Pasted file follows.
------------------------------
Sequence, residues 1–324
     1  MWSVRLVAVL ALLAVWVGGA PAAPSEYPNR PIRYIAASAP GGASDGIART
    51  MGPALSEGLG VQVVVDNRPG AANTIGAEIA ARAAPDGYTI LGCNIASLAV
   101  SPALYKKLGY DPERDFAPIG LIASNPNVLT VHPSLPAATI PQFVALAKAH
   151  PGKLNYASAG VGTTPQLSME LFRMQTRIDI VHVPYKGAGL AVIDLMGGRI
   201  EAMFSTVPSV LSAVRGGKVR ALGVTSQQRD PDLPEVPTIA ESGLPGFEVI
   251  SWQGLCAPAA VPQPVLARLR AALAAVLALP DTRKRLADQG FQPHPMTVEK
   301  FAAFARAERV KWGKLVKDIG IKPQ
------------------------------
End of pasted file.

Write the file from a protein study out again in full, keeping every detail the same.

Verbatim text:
Sequence, residues 1–324
     1  MWSVRLVAVL ALLAVWVGGA PAAPSEYPNR PIRYIAASAP GGASDGIART
    51  MGPALSEGLG VQVVVDNRPG AANTIGAEIA ARAAPDGYTI LGCNIASLAV
   101  SPALYKKLGY DPERDFAPIG LIASNPNVLT VHPSLPAATI PQFVALAKAH
   151  PGKLNYASAG VGTTPQLSME LFRMQTRIDI VHVPYKGAGL AVIDLMGGRI
   201  EAMFSTVPSV LSAVRGGKVR ALGVTSQQRD PDLPEVPTIA ESGLPGFEVI
   251  SWQGLCAPAA VPQPVLARLR AALAAVLALP DTRKRLADQG FQPHPMTVEK
   301  FAAFARAERV KWGKLVKDIG IKPQ